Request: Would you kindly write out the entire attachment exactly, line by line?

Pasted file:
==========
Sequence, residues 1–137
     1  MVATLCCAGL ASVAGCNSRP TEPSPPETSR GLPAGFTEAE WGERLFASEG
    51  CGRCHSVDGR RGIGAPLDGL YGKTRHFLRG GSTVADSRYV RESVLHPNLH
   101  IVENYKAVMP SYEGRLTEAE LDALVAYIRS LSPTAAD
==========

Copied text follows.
Sequence, residues 1–137
     1  MVATLCCAGL ASVAGCNSRP TEPSPPETSR GLPAGFTEAE WGERLFASEG
    51  CGRCHSVDGR RGIGAPLDGL YGKTRHFLRG GSTVADSRYV RESVLHPNLH
   101  IVENYKAVMP SYEGRLTEAE LDALVAYIRS LSPTAAD